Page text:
Conte's Unity and Progress Party (PUP) is seen as dominated by Soussou while the RPG is seen as a Malinke party. The PRP and UNR, Fulani parties, merged to form the Union for Progress and Renewal in 2000. Elections in December 1998 were marred by violence and opposition allegations that they were unfair. The opposition claimed the government used troops to break up their party rallies, and foreign election monitors were refused permission to oversee the election process. Official results indicated that President Conte (PUP) had won with 56% of the vote, while Ba (UNR) came in second with 25%, and Conde (RPG) came in third with 17%. Aside from the political transition process, Guinea is also challenged by its role as host to 700,000 (as of 1998) of the region's war refugees.

Very little information from Guinea reaches the western media, and therefore not much information is available on the current status of the Soussou. It appears that the group does not face any demographic disadvantages (DEMSTR03 = 0), other than the fact that Soussou lands are near the Sierra Leone border, which hundreds of thousands of refugees have crossed in order to escape the civil war in Sierra Leone. As the dominant group in Guinea, it is no surprise that the Soussou are not confronted with political disadvantages (POLDIS03 = 0). In fact, the Soussou predominantly compose the higher positions inside the Guinean government, civil service and military (POLDIFXX = -2). The group also is free from economic or cultural restrictions or discrimination (ECDIS03 = 0). Once again, almost 20 years of being the advantaged group has removed any historical discrimination. Not surprisingly, there have been no reports of government repression against the group, and there have not been any reports of communal conflict between the Soussou and other ethnic groups (COMCON03 = 0). Again, it is unknown if attacks have occurred and not been reported by the western media, or if the country has been truly free of ethnic conflict.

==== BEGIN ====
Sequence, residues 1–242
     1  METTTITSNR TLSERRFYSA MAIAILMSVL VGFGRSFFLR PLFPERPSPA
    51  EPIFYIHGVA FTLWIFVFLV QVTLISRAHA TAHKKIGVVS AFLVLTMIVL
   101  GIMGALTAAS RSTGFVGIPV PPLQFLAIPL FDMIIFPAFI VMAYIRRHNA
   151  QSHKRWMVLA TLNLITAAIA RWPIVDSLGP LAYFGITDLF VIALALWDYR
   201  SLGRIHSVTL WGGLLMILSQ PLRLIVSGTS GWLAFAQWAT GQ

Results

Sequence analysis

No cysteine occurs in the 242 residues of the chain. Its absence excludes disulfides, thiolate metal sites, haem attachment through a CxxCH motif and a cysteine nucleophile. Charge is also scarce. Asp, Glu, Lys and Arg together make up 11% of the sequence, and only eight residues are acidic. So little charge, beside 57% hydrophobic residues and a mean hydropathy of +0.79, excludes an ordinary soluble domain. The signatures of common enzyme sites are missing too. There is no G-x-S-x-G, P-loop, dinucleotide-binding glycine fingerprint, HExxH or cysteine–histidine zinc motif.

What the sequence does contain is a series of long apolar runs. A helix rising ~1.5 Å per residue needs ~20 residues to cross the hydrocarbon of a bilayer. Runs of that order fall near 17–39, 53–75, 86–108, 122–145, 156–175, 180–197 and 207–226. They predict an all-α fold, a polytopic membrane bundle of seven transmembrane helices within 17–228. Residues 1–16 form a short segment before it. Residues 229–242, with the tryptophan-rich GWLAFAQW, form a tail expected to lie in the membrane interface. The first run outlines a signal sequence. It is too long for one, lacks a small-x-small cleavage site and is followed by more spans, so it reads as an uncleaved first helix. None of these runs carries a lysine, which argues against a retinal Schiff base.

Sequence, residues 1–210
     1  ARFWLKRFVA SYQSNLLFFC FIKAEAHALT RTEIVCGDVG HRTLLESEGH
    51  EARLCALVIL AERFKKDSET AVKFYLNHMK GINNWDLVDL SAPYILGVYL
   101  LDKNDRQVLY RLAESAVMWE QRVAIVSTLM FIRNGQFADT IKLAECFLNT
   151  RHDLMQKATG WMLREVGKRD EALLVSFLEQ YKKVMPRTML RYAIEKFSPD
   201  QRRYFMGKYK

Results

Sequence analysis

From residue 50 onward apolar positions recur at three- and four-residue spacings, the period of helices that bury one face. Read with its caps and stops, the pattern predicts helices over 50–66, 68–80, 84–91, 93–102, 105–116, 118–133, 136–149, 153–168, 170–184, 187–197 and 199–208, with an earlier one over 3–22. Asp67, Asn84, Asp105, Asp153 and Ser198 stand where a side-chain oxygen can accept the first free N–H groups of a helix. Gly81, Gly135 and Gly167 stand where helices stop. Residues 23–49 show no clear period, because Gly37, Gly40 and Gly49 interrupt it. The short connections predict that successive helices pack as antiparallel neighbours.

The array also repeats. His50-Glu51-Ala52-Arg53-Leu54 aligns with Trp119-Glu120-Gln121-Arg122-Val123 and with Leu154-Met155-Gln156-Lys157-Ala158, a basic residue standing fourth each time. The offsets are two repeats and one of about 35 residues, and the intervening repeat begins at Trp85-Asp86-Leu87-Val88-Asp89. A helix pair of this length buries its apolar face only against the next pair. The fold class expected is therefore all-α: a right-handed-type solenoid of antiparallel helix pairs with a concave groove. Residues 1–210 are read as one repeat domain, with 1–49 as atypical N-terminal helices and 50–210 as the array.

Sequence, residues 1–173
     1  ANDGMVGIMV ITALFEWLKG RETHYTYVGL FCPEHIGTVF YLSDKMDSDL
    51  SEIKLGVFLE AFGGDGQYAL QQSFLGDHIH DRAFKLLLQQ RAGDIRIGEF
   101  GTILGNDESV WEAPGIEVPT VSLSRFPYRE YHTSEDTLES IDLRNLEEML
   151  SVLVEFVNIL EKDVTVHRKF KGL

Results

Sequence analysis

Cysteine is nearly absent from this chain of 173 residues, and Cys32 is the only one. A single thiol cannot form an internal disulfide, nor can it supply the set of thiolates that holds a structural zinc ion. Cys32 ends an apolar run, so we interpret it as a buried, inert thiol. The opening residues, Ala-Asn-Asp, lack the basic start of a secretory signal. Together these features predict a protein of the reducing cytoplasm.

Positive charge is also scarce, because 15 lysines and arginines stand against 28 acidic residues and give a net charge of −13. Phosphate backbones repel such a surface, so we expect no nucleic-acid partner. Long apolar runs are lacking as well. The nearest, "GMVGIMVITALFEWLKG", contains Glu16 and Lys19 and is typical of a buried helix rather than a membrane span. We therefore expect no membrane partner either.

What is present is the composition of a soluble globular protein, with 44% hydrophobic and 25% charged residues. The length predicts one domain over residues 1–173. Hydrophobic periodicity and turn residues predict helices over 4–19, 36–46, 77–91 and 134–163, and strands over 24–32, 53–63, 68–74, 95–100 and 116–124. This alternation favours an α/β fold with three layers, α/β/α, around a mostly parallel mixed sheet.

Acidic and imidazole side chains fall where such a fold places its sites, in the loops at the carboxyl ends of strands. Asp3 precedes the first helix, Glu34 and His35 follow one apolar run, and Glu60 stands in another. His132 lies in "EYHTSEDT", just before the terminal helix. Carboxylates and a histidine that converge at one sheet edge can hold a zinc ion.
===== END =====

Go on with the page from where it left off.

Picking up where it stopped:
As noted earlier, the Unity and Progress Party has managed to remain in power to the present day, and the Soussou retain their privileged position. Thus, the group has voiced very few demands of the government. A central Soussou request is protection from the other Guinean ethnic groups. There is a lack of trust between the opposition parties and the government, and as a result, there are tensions between the Soussou and other ethnic groups in Guinea who are less advantaged. Therefore, the potential for conflict is great, and the Soussou want the government to protect them. There are also tensions within the Soussou in power as suspicion is highly common between them (INTRACN03 = 1).

Before the coup which brought Conte to power, there were scant reports of Soussou political protest (PROT75X = 1 being the exception), and this has not changed during his time in office (PROT03 = 0). There also appears to have been no militant activity by the group (REB03 = 0).


Degenhardt, Henry W. ed. 1987. Revolutionary and Dissident Movements: An International Guide, A Keesing's Reference Publication. London: Longman.

Horowitz, Donald L. 1985. Ethnic Groups in Conflict. Berkeley and Los Angeles: University of California Press.

Lexis/Nexis Research Software: various news wires including BBC, Deutsche Presse Agentur, Agence France Presse, and the International Herald Tribune. 1990-2003

Keesing's Contemporary Archive, Keesing's Record of World Events. Annual. London: Longman Group Ltd.

Minorities Rights Group. 1989. World Directory of Minorities, St. James International Reference. Chicago and London: St. James Press.

Morrison, Donald George, Robert Cameron Mitchell, and John Naber Paden. 1989. Black Africa: A Comparative Handbook. 2nd ed. New York: A Washington Institute Book.

Murray, Jocelyn. 1990. Africa. Cultural Atlas for Young People. New York and Oxford: Facts on File.

United States Agency for International Development (USAID). November 1998. "Guinea: Potential Sources of Conflict and Instability."

Search Refworld